The most prominent figure on the great Seal is that of Minerva, Roman Goddess of wisdom and war. Given the state’s effort to create gender neutrality, if Minerva is even to remain on the Seal, Minerva’s status might be challenged. She is also carrying a spear. Hardly in line with the California value of reducing access to weapons. It must go. The grizzly bear should probably be kicked off the seal as well. That’s California history. No grizzly bear has been seen in the state since the early 1920s.

The grape vines and sheaf of grain on the seal stand for wine production and agriculture and should remain. But what about other industries that have exploded in the state over the last 150 years?

A number of sailing ships appear on the Seal representing commerce. Remove some of the sailing ships and add an airplane and a space craft.

The movie and entertainment industry has been big for the state. How about putting the Hollywood sign on the mountains depicted on the Seal? There’s a structure on the Seal that is supposed to represent Fort Point in San Francisco. Removing it would eliminate the geographic tilt to the north represented on the Seal to assure that all regions of California belong.

Perhaps we should add a figure representing Silicon Valley. That figure must reflect California’s diversity, of course.

Should the miner working his pick axe even remain on the Seal? That’s history, and history is being banished. But there is a strong reason to keep the miner because of the state’s beginnings. Given the governor’s recent apology to Native Americans for the way they were treated by early Californians, a legitimate addition would be a Native American figure.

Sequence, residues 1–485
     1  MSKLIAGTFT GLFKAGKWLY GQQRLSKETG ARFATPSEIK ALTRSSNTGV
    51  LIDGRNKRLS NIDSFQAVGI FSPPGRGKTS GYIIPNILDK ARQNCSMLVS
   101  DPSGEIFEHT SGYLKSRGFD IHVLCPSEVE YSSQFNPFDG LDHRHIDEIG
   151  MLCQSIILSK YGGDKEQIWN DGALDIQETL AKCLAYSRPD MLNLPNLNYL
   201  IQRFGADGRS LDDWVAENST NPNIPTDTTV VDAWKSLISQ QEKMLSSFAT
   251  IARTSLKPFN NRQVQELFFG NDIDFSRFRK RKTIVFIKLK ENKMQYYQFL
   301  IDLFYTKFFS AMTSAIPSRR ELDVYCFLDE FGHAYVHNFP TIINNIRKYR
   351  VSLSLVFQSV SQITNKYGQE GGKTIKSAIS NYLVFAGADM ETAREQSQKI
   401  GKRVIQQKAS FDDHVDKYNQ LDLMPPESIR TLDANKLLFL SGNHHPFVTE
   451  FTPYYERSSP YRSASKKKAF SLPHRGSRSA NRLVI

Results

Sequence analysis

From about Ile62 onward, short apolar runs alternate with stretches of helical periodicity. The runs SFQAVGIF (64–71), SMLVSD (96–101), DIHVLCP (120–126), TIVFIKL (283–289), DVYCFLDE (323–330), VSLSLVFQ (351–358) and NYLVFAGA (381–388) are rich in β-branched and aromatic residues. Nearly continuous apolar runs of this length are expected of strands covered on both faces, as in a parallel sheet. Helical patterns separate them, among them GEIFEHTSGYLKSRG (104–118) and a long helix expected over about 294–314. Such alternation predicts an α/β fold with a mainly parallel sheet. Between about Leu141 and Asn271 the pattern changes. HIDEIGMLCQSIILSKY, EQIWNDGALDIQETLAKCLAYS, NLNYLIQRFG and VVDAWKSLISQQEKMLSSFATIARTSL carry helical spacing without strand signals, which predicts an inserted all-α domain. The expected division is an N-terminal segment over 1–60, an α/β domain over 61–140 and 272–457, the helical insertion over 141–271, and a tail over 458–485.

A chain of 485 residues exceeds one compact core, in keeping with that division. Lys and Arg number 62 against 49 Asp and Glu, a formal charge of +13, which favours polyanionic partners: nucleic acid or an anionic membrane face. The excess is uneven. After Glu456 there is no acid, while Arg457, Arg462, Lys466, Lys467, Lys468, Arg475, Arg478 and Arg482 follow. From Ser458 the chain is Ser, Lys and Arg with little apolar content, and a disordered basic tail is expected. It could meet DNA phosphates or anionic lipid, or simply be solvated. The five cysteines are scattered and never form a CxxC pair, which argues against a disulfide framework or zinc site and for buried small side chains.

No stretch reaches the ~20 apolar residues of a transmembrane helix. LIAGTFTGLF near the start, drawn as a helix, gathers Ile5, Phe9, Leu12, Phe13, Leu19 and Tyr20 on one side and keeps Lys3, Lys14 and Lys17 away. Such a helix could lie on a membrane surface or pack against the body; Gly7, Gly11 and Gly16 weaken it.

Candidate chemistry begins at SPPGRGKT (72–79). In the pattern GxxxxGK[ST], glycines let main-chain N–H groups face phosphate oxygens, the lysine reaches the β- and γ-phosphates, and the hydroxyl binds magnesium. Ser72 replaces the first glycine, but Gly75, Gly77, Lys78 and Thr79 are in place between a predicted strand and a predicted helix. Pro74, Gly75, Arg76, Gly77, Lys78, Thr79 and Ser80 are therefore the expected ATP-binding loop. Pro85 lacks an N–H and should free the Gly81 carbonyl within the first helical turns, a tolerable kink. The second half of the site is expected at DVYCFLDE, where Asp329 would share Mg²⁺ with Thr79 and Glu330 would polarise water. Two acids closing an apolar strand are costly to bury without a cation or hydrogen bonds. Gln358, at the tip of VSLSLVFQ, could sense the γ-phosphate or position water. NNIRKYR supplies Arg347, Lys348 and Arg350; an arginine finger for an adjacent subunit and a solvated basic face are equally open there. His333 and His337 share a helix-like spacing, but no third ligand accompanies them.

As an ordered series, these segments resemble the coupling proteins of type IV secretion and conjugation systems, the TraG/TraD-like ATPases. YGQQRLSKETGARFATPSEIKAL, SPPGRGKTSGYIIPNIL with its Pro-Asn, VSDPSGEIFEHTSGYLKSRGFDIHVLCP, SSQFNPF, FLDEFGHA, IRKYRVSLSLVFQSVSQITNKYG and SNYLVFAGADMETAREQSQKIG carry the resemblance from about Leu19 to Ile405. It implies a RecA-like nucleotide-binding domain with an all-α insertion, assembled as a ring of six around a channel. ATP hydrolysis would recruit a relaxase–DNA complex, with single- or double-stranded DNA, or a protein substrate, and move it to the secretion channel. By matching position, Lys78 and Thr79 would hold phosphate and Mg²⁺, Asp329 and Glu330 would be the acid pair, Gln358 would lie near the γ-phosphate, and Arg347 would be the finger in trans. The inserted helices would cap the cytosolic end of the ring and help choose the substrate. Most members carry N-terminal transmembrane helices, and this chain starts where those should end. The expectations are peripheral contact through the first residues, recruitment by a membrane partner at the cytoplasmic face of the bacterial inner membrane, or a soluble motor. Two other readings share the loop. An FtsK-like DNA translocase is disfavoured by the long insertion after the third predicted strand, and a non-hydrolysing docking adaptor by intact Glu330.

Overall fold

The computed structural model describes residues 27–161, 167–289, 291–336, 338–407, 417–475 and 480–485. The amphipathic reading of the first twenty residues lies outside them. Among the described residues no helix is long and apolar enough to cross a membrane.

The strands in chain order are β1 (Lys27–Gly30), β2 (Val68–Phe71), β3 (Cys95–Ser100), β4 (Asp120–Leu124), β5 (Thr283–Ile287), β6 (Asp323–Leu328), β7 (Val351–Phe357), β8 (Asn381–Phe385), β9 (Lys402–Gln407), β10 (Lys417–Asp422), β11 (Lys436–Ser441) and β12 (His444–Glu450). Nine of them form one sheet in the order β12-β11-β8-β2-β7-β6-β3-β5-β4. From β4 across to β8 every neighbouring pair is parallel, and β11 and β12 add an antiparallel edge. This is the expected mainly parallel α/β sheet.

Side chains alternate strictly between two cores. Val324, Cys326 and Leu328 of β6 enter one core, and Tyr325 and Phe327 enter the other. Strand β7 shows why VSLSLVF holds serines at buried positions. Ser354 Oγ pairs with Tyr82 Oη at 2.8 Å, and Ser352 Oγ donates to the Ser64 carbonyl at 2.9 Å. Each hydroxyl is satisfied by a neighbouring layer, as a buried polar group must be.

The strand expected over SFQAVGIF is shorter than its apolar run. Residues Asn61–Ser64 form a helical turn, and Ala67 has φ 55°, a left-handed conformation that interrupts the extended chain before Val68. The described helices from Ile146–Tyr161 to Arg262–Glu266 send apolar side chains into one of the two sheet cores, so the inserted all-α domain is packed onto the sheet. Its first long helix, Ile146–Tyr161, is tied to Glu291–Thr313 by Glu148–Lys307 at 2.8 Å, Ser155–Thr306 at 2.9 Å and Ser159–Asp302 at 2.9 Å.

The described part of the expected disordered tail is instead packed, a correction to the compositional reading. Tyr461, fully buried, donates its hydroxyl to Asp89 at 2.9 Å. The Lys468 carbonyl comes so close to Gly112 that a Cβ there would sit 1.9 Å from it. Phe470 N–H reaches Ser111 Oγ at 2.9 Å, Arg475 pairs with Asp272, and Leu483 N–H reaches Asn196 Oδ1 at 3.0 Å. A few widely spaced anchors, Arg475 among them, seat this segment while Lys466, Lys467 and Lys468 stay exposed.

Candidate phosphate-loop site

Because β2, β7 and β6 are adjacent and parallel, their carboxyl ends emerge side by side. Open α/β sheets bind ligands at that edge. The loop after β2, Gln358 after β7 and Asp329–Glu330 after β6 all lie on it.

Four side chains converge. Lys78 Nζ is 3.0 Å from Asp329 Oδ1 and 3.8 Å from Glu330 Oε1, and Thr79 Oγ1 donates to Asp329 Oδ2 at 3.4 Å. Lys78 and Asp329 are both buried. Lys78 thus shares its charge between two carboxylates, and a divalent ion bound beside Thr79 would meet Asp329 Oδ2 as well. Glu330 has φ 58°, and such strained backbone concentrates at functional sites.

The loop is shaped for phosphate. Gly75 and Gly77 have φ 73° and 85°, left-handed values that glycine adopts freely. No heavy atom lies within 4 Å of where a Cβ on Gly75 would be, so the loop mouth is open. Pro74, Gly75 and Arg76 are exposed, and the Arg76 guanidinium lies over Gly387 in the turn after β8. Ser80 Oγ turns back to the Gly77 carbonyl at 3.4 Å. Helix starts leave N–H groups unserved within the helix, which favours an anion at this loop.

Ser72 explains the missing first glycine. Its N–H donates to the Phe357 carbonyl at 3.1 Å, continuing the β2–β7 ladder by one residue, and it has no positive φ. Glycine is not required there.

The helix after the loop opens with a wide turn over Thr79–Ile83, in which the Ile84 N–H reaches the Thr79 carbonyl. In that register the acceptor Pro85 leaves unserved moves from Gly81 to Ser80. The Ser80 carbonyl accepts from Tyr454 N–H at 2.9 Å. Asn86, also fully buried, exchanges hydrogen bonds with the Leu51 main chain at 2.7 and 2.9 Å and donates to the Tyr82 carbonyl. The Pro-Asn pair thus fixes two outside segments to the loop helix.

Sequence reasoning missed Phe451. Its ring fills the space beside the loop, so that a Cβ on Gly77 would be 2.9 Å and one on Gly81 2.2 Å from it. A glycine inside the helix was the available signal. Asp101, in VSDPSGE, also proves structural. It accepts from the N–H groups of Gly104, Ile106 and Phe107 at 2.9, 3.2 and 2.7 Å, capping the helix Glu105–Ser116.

The state motto Eureka, Greek for “I found it!” has a prominent place on the Seal. Californians speak many languages. Look at the number of different languages spoken by students in the Los Angeles schools. Maybe a word or two in other languages would be demanded by some.

Finally, 31 stars appear on the Seal signifying California as the 31st state admitted to the Union. But California sees itself as a leader of other states. You hear that from state officials all the time. The country will follow where California leads. One of the stars of the 31 should be made larger and brighter to reflect this prideful feeling.

Those are some suggestions. I’m sure you have others. Given the rapid change from the old standards it’s probably wise to get a head start on thinking how to re-do The Great Seal of the State of California.

Here’s one other possible direction to go with the Seal: Leave well enough alone. 

This article was originally published by Fox and Hounds Daily